So back in the 1970's and 1980's I spent a lot of time in the arcades. Not always playing. Sometimes just walking around, taking in the ambiance. I was reading William Gibson, Umberto Eco. I was attending SF Cinematheque screenings, seeing a lot of experimental film, and teaching art to refugee kids from Vietnam for a living. These were post-modern times. Laurie Anderson music, David Lynch movies, Micheal Jackson videos, New Romantic culture; times of Zappa and walkmen, of Hal Hartley and Peter Greenaway. It was a time of cultural renaissance.

Daily life then was really like "Blade Runner"--all rain, neon, cigarettes; the romance of noir and electronics and crime. I was a young writer and film-maker marinating myself in the glow of the games machines, trying to connect these experiences with those from a time only ten years prior when I had just left childhood. In the glow of the square pong ball, I traced my recent history across the screen of my life. I too had been bounced around from one end of the globe to the other, from one country to another--the US, the UK, and now Australia. Technoculture and cyberculture were natural places for me to be and I embraced it all enthusiastically.

In the early 1990s I even worked at a videogame company called Beam Software. In addition to actually project-managing 16-bit videogames I was also doing on-the-job research for the Australian Federal Department of Science and Industry examining the role of the videogame producer. The feds paid half my salary just to write a lengthy essay "the role of the videogame producer." Seems the Aussie government wanted to know more about this new and growing sector of the economy (and I don't blame them).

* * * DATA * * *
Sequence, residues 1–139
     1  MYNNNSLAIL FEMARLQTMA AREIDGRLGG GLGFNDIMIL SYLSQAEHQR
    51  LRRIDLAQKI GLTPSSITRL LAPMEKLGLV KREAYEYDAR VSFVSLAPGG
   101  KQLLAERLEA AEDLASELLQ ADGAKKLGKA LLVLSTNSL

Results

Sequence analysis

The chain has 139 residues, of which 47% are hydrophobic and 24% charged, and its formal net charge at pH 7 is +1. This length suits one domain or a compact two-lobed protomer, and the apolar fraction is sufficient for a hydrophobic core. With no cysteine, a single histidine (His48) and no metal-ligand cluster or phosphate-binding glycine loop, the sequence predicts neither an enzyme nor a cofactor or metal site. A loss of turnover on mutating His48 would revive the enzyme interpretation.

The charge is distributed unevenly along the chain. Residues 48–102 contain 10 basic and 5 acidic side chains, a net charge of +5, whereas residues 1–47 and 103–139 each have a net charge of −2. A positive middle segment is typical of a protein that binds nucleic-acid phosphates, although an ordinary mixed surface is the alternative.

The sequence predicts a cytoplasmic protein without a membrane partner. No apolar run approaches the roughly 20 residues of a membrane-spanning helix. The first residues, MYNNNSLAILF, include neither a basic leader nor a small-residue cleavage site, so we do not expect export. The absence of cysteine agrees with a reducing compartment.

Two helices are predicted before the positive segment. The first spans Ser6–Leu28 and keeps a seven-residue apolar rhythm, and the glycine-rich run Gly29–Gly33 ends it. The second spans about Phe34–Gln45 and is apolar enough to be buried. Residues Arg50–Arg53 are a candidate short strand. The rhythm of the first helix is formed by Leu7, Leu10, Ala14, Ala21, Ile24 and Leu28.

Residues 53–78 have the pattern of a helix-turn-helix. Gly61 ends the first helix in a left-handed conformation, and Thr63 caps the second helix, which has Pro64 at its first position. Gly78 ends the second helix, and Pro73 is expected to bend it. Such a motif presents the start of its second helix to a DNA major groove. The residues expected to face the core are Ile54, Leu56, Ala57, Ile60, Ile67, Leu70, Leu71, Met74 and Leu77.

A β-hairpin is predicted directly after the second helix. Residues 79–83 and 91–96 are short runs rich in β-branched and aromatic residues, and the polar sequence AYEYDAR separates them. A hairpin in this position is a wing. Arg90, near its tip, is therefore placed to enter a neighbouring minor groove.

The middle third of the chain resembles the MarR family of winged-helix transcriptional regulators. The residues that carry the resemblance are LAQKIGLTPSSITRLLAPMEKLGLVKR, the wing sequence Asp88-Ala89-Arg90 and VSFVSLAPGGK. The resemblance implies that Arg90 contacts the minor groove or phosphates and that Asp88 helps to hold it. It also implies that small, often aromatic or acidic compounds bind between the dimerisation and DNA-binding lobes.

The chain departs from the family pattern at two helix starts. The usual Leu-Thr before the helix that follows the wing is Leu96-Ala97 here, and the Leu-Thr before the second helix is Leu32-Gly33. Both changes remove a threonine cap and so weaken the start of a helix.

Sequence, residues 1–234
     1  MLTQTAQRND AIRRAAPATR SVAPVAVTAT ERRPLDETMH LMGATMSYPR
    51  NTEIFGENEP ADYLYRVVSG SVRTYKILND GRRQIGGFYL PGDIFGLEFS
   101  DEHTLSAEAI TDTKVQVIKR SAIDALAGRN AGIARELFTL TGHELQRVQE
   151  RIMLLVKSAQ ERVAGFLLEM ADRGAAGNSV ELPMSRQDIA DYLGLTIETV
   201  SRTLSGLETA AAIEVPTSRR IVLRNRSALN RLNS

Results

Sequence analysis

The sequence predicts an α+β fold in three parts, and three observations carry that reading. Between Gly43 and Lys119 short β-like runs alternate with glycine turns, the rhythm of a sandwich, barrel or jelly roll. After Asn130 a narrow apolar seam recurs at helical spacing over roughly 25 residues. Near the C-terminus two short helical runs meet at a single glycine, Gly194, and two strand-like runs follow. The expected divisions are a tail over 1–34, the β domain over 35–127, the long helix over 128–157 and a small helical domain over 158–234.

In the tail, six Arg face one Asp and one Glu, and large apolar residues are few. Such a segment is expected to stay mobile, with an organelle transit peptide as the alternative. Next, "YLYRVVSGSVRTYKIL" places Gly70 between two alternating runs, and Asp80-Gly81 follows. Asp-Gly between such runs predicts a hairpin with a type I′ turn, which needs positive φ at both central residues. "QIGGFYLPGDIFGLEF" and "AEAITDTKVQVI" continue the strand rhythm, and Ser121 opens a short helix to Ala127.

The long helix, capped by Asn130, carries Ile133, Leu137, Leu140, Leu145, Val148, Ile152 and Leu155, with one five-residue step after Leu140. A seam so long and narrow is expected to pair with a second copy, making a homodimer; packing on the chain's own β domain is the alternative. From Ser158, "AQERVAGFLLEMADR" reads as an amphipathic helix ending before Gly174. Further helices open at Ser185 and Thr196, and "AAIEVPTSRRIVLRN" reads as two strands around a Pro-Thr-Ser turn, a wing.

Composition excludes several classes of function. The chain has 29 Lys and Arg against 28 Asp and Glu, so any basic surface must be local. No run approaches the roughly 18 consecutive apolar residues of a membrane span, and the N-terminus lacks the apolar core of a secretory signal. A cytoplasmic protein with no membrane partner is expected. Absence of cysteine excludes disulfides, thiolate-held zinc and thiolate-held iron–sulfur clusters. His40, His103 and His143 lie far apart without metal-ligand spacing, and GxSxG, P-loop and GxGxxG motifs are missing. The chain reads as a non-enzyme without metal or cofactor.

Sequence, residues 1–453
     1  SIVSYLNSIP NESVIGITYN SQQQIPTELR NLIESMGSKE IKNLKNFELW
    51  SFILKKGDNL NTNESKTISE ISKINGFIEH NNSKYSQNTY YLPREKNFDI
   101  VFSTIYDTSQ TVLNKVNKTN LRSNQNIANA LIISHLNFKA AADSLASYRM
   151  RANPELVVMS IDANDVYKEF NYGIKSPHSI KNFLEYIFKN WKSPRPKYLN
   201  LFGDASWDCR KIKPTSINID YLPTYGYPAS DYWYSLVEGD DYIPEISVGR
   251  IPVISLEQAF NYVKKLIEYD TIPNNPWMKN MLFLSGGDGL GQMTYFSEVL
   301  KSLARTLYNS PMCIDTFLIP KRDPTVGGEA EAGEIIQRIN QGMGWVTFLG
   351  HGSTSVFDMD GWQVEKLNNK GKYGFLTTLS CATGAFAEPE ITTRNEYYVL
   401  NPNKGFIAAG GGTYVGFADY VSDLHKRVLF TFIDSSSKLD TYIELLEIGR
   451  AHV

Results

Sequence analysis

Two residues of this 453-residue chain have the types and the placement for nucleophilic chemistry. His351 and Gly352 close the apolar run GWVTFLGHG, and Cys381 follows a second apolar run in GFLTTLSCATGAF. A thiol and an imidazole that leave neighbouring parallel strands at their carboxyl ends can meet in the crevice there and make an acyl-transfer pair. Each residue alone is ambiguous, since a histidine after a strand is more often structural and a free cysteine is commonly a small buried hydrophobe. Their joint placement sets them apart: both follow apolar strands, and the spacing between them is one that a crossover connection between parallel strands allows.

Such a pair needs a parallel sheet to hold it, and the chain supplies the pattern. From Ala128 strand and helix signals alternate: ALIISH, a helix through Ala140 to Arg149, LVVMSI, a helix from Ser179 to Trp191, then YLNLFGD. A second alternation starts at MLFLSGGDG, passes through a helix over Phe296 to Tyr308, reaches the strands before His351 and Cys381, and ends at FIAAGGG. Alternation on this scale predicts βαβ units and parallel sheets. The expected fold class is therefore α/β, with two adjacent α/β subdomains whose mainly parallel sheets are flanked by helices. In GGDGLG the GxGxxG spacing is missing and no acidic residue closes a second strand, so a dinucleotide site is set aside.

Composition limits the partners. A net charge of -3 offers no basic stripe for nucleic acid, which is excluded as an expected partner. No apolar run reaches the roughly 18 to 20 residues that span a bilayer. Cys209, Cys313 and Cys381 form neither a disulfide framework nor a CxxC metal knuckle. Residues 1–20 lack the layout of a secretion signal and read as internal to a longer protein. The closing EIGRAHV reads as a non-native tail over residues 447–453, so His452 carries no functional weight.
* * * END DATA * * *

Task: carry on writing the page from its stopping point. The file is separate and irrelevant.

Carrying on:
My job was literally to study the games industry from the inside. I found the games business incredibly demanding in terms of time and energy and most of my duties as a project manager involved convincing other managers and publishers that the games on my watch were on schedule to meet the pressing demands of future Christmas deadlines. These were the 16 bit home console days--the Megadrive and the Super Nintendo--as well as the 8-bit Gameboy (where Beam's real profits lay). It was a time when the CD-ROM had just arrived and with it the introduction of consoles and game experiences that involved more and more video sequences, as well as the logic and interest of motion picture production culture. It was a fascinating time to witness.

'Blades of Vengeance' - a side-scrolling game by Beam Software for the Sega Megadrive - one of the titles developed during my time there as a producer.